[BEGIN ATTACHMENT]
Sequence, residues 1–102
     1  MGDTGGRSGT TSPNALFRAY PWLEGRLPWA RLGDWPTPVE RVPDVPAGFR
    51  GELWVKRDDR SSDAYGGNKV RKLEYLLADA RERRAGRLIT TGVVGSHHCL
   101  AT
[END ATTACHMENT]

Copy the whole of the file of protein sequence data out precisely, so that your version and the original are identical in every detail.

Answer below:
Sequence, residues 1–102
     1  MGDTGGRSGT TSPNALFRAY PWLEGRLPWA RLGDWPTPVE RVPDVPAGFR
    51  GELWVKRDDR SSDAYGGNKV RKLEYLLADA RERRAGRLIT TGVVGSHHCL
   101  AT